No idea what caused it to become so badly corroded, but I finally got around to finding a new switch for it. The new switch fit perfectly into the opening, and getting it reconnected was a pretty simple job.
Now I’ve got a couple of power supplies to work with. Plenty of projects out on the web describing how to turn computer power supplies into useful bench power supplies, and I could definitely use a couple of those on the workbench.
The wifi on one of the older laptops in my collection failed quite a while ago. At the time, I figured the wifi card in the laptop had died, and got a USB wifi dongle to get it back online. Didn’t think much else about the problem after that.
This morning while I was looking inside to see what could be upgraded, I decided to pop the wifi card out to have a look. The top didn’t look too unusual, but when I flipped it over, there was a big toasted area on the label. Looks like the wifi chip got a bit hot and burned itself out.
The wifi card bay also showed some evidence of the heat. The area was a bit tacky, so I think it might be adhesive residue from the sticker on the back of the wifi card.
I popped the RF shield off the card and saw a bit of browning on the board from the overheating chip.
One of my favourite games to play on my Apple IIe back in the day was Ultima IV: Quest of the Avatar. It’s been a long time since I played it, but thanks to xu4 (on Sourceforge), I can play it again. I’ve known about xu4 for a long time, but never bothered much with it until recently.
Getting it running on Fedora is as simple as installing the package with sudo dnf install xu4.
Plays just like it did on my Apple IIe. Ahh, memories.
Acquired few things over the weekend that the Daughters of St Paul downtown didn’t need anymore and would otherwise have gone to recycling or trash. Among them were a couple of old IBM ThinkCentre computers over the weekend. One is missing a hard drive and the other needs RAM. I think I’ve got enough other bits lying around to make one computer out of them that might be usable for simple tasks.
They both have 1 GB RAM (one has 4×256 MB DDR2 sticks, the other has 1x1GB DDR2 stick). I think I might have some 512 GB DDR2 sticks in the junk box, so might be able to get one of them up to 2.5 GB. That might be enough for a very lightweight Linux distro. Just need to scavenge a hard drive from somewhere.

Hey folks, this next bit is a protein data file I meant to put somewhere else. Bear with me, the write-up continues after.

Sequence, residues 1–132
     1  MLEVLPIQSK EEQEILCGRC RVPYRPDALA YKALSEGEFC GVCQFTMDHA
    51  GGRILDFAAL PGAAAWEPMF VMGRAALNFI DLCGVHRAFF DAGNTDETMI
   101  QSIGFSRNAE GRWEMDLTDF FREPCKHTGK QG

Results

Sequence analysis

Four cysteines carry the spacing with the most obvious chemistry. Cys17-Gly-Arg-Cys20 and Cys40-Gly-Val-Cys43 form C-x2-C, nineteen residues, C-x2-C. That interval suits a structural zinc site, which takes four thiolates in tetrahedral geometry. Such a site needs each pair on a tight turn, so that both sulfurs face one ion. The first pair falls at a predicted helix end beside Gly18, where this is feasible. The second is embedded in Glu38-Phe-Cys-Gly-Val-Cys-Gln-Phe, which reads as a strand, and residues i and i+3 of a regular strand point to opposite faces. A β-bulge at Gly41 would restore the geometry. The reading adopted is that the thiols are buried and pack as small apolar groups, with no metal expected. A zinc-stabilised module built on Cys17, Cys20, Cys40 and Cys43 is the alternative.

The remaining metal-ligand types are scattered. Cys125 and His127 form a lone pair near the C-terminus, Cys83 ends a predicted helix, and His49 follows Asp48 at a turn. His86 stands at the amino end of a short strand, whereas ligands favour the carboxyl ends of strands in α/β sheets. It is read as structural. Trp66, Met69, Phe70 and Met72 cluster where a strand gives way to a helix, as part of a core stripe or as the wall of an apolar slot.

While attempting to reinstall an Android 7 ROM (KatKiss) on my tablet, something went kerflooey and the tablet got into a state where it would just stop at the ASUS splash screen during start up. I could get back into recovery mode (TWRP) no problem. Reflashing the KatKiss ROM and OpenGApps seemed to work without any errors, but the boot process just wouldn’t go past the ASUS splash screen.
Finally I decided to see if I could get the stock 4.1.1 ROM back on the tablet.
Grab the Kang TWRP recovery image (look for a download link for 3.1.0-1 on page 12 of the thread).
Get the tablet into the bootloader (hold the Power+Vol Down down when turning the tablet on).
Get into fastboot mode. I had to use the Vol Down button to select the USB icon, then press Vol Up.
Confirm the tablet is connected to the computer with fastboot devices -l
Flash the stock firmware with fastboot flash system blob
Reboot back to the bootloader (fastboot reboot-bootloader) and get back to fastboot mode.
Flash the recovery image with fastboot flash recovery twrp-3.1.0-1-tf201t.img
Reboot with fastboot reboot
That got my tablet back up and running with Android 4.1.1 (Jelly Bean). However, attempts to get from there back to Android 7.1 (Nougat) with the KatKiss ROM still resulted in getting stuck at the ASUS splash screen.
I guess I’ll leave it with the stock ROM now. A working tablet is better than a non-working tablet. I just use the tablet for reading ebooks these days, and Android 4.1.1 still does that just fine.